emerging as the lynchpin.

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The success of branchless banking schemes also hinges on the ability of the
scheme to mobilize and incentivize an adequate distribution network of retail
stores. Among those offering ideas for effective schemes are Mas and Siedek
(2008), who explain the basic mechanics for store-based transactions and the tech-
nology requirements for these transactions to be trusted. Using case studies,
Davidson and Leishman (2010) provide an in-depth analysis of business practices
methods for building, incentivizing, and managing retail networks. The authors
highlight the importance of building a distribution network that is ubiquitous,
trustworthy, lowcost, and liquid. Pickens et al. (2011) draw on their analysis of
branchless banking agents in Brazil, India, and Kenya to recommend lessons for
practitioners to build a viable cash merchant network where the business case
works for the entire supply chain. And, finally, Flaming et al. (2011) provide an
agent management tool kit, drawing from interviews with industry practitioners
and vast agent data to analyze the economics of the agent supply chain and address
practical questions involved in building an agent network.

Can branchless banking live up to its potential, or is it destined to become yet
another fad in the protracted fight for financial inclusion? The success of M-PESA
in Kenya does show that there is a real customer demand for convenient money
transfers and payments and, to a lesser extent, savings. Still, demonstrable mobile
banking success stories remain the exception rather than the rule. Where these sys-
tems are taking root, there are encouraging signs that their adoption shifts more
and more over time toward poorer parts of the population.
There are some important questions that need to be answered before we can
conclude that mobile money will become a powerful tool for financial inclusion.
First, how will the experience be replicated in markets where mobile operators
have a less dominant position, regulators are less open, and demand conditions less
certain? Second, how will banks and other financial service providers connect to
mobile money platforms to expand the range of financial services available
through these platforms? And, third, will the cost of financial transactions offered
through mobile money schemes fall enough to really become of use to poor peo-
ple who need to transact at levels as low as $1?
The biggest gap in the research on branchless banking remains the market
structure aspects: understanding the set of incentives that operate on each of the
players involved (customers, banks, telecoms, financial switches, regulators). There
is not likely to be a unique model that balances the interests of these players, and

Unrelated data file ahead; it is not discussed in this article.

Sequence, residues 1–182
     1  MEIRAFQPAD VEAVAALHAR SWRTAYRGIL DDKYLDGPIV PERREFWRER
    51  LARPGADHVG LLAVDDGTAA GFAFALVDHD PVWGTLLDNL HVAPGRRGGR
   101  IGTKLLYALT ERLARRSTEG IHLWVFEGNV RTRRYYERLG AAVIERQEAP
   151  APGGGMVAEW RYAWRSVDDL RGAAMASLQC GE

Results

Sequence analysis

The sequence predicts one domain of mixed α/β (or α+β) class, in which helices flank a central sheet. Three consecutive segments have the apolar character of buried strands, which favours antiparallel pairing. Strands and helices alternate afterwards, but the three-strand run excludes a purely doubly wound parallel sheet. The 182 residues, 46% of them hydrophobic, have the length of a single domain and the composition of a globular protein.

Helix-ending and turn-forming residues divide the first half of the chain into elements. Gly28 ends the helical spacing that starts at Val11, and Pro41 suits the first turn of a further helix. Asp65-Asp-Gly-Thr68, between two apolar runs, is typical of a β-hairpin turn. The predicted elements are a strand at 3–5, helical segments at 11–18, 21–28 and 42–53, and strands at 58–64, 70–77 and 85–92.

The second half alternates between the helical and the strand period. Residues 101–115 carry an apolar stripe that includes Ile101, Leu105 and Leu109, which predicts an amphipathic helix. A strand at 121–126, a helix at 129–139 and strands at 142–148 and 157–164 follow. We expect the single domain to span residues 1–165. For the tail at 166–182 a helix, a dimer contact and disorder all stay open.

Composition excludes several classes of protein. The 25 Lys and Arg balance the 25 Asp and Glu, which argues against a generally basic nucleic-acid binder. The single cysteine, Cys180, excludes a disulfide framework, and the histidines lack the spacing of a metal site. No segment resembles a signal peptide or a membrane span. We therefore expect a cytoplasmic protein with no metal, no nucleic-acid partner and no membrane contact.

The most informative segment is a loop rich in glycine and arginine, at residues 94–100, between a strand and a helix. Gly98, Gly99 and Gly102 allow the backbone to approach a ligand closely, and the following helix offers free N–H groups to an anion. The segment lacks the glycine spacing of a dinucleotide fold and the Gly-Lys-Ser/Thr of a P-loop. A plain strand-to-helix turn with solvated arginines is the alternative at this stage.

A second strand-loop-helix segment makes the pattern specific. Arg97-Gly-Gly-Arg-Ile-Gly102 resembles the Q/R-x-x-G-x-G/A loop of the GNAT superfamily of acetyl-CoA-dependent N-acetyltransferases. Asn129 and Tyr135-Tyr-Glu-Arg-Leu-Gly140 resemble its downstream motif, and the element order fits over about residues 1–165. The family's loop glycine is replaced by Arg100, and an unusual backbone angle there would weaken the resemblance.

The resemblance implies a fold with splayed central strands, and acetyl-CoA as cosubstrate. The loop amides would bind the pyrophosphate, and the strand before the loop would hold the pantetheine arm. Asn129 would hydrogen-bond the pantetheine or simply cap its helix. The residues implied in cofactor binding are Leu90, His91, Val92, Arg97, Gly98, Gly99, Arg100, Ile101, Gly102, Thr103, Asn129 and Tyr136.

their respective roles are likely to vary from country to country and from deploy-
ment to deployment. Nevertheless, we need to get smarter about harnessing their
commercial interests and competitive advantages within a cooptation framework.
Only then will we be able to build the kind of ubiquitous retail payment platform
that can be used to deliver financial services efficiently and profitably to all.

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Alexandre, Claire, Ignacio Mas, and Daniel Radcliffe. (2011). Regulating New
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1. The GSMA is the global association of mobile operators.

2. As of August 2011, there were 110 live deployments targeting the unbanked in developing coun-
3. Mas (2009) proposed three headline metrics for evaluating the stage of development of branch-
less banking deployments that target the unbanked: number of transactions per cash merchant
per day, number of active customers, and average float per active customer. On these measures, no
deployment has equaled the take-up rate of of M-PESA in Kenya: it has achieved a penetration of
more than 50 percent of the adult population in Kenya and more than 60 percent in its own base

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Ahmed Dermish, Christoph Kneiding, Paul Leishman, and Ignacio Mas
of mobile customers; its 20,000 retail outlets are 20 times the number of branches in the entire
banking system, or 100 times the number of branches of the countrys largest bank; it handles
more transactions in Kenya alone than Western Union does globally (Mas and Radcliffe, 2010a).
4. Other case studies include Celpay and Mobile Transactions in Zambia (Leishman & Desai, 2009),
Smart Money and G-Cash in the Philippines (GSMA, 2010; Pickens, 2009), True Money in
Thailand (GSMA, 2010), Giros Tigo in Paraguay (GSMA, 2011), and Zains deployment of Zap in
East Africa (Leishman, 2010). Chipchase and Lee (2011) present profiles of potential Afghan
mobile money customers, drawing on insights from interviews.
5. Daily trading records from a sample of M-PESA cash merchants show that stores require intense
daily liquidity management support, and that rural areas face greater difficulties in managing
their liquidity (Eijkman et al., 2010).
6. For example, sending Ksh 1,000 (US$13) through M-PESA cost US$0.39, which is 27 percent
cheaper than the post offices PostaPay and 68 percent cheaper than sending it by bus.